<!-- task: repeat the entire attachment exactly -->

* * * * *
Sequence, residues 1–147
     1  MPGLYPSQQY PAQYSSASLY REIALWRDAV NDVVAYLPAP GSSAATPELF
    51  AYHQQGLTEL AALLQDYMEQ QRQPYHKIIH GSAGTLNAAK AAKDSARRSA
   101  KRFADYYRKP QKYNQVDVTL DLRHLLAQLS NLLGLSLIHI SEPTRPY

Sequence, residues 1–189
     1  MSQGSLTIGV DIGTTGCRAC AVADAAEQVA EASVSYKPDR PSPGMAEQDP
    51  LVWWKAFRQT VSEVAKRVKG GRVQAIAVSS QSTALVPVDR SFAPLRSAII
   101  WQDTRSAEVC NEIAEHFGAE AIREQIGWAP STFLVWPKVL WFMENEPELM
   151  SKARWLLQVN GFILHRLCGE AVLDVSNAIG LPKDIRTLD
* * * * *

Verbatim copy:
Sequence, residues 1–147
     1  MPGLYPSQQY PAQYSSASLY REIALWRDAV NDVVAYLPAP GSSAATPELF
    51  AYHQQGLTEL AALLQDYMEQ QRQPYHKIIH GSAGTLNAAK AAKDSARRSA
   101  KRFADYYRKP QKYNQVDVTL DLRHLLAQLS NLLGLSLIHI SEPTRPY

Sequence, residues 1–189
     1  MSQGSLTIGV DIGTTGCRAC AVADAAEQVA EASVSYKPDR PSPGMAEQDP
    51  LVWWKAFRQT VSEVAKRVKG GRVQAIAVSS QSTALVPVDR SFAPLRSAII
   101  WQDTRSAEVC NEIAEHFGAE AIREQIGWAP STFLVWPKVL WFMENEPELM
   151  SKARWLLQVN GFILHRLCGE AVLDVSNAIG LPKDIRTLD